Thursday, September 25, 2014

British Mysteries

14059024 Stroud, Jonathan. The Whispering Skull (Lockwood and Co. #2)
September 16th 2014 by Disney Hyperion
E ARC from

Lucy, George and Lockwood are back, still fighting off Visitors and squabbling with the annoying rival Fittes organization. After a rather disastrous attempt to contain a spirit in an authorized grave, they are under scrutiny from DEPRAC (Department of Psychical Research and Control)—even though DEPRAC doesn’t quite trust Lockwood and Co., they are offered the job of researching the situation and dealing with it. And quite a situation it is. George has seen something in the coffin that lead to it being shrouded in silver, but someone has broken in to it and stolen an artifact out of it. Both thieves are discovered, but both end up dead. The team finds out that the body in the lead coffin was that of Edmund Bickerstaff, who was apparently killed and then eaten by rats, and the artifact was a boneglass with tremendous magical powers. Not only that, but the Level Three visitor whose skull and ectoplasm are in a jar in the Lockwood office starts talking to Lucy and is intimately involved in the Bickerstaff problem. Lockwood decides to investigate Bickerstaff’s long abandoned house, and the group takes the skull with them. It seems to lead them in to trouble, but also help them out of really tight spots. Not to give too much away, but ghosts are never what they seem to be, situations are always more dangerous, and Lockwood and Co. always ready to do their best, especially if they can best Fittes on top of it.
Strengths: Lockwood and Co. need someone to organize their business, and I could totally be an office manager for them. I understand that it would be moving to London, but I could clean and organize, make appointments, keep the place stocked with tea and cake and generally make life easier so that the trio can spend more of their time hunting ghosts.

Oh, strengths of the STORY. Fine. Awesome gory ghost story with fighting, flying ectoplasm, great evil characters and convincing world building. Lucy, George and Lockwood are all endearing in their own way, and a tad mysterious as well. This is a great read for a rainy day, curled up with a cup of tea. Stroud has quite the way with describing characters, too. My favorite was “It looked like a baby yak had fallen on him from on high”
Weaknesses: This is quite lengthy; it almost could have been made into two books. Anything over 400 pages is a bit of a hard sell for middle school students. Hard core fantasy fans will be okay with this, but those wanting gruesome ghost stories tend to want shorter books.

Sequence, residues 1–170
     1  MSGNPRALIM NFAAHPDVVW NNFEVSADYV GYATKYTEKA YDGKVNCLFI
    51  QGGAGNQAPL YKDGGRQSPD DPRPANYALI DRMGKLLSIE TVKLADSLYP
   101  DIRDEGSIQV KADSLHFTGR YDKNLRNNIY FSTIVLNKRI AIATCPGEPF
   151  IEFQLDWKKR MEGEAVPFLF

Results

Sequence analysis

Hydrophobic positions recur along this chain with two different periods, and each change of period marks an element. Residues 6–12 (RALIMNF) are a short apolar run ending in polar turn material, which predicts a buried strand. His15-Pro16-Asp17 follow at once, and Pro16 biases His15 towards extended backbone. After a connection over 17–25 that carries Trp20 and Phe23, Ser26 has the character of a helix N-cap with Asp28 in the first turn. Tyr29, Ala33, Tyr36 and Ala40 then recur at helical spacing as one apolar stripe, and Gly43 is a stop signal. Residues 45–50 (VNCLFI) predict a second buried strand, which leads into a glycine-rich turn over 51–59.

18885674Berry, Julie. The Scandalous Sisterhood of Prickwillow Place
September 23rd 2014 by Roaring Brook Press 
E ARC from

St. Ethelreda's is a very small school for young ladies held in Mrs. Plackett's house. There are only seven students. all of whom would much rather be with the querulous headmistress than with their own dysfunctional families. When Mrs. Plackett and her brother, Mr. Godding, drop dead after eating veal, the girls, especially Smooth Kitty (all of the girls have adjectives attached to their names, like Dour Elinor and Disgraceful Mary Jane), decide that the best plan of action is to bury both of the adults in the garden and continue on as if nothing has happened. This excellent plan would have gone off without a hitch had people not arrived that very night for a surprise birthday party for Mr. Godding. The story is created that a nephew of the pair is sick in India, and Mr. Godding has taken off forthwith to be with him, thus sending Mrs. Plackett to bed with a horrible case of vapors. Soon, Stout Alice is recruited to impersonate Mrs. Plackett, but villages tend to be such nosy places, and the girls have a lot of trouble keeping up their ruse. Eventually, after more murders are committed, they find the perpetrator to be an unlikely person working from an inconceivable set of motives.
Strengths: This is a very effective period mystery, well researched and clever. With the renewed interest in the history of any sort of Victorian-ish setting, this could find some readers, perhaps more in high school for this particular book.
Weaknesses:  While I enjoyed this, it could be a hard sell at the middle school. The murders, by poison, are not gruesome enough, and the idea of farce is one that younger students may have trouble understanding.  The cover might appeal to them, though. I found using the adjective with every girls' name to be a bit much; perhaps this is a Victorian convention that I somehow missed?


Kyle said...

I am looking forward to reading the new Lockwood book, but it will have to wait until we are done with first round.

Awake at Midnight said...

I loved both of these novels! The Scandalous Sisterhood was an arsenic-and-old-lace murder mystery, and Lockwood & Co. I can never get enough of. You're right, the sentence complexity may rate a mid-grade classification, but along with Mysterious Benedict Society, I'd only be able to seriously recommend them to a YA audience for length alone. Putting the two books together reminds me of Robin LaFevers' Theodosia Throckmorton series, which blends the supernatural with an Edwardian mystery feel.

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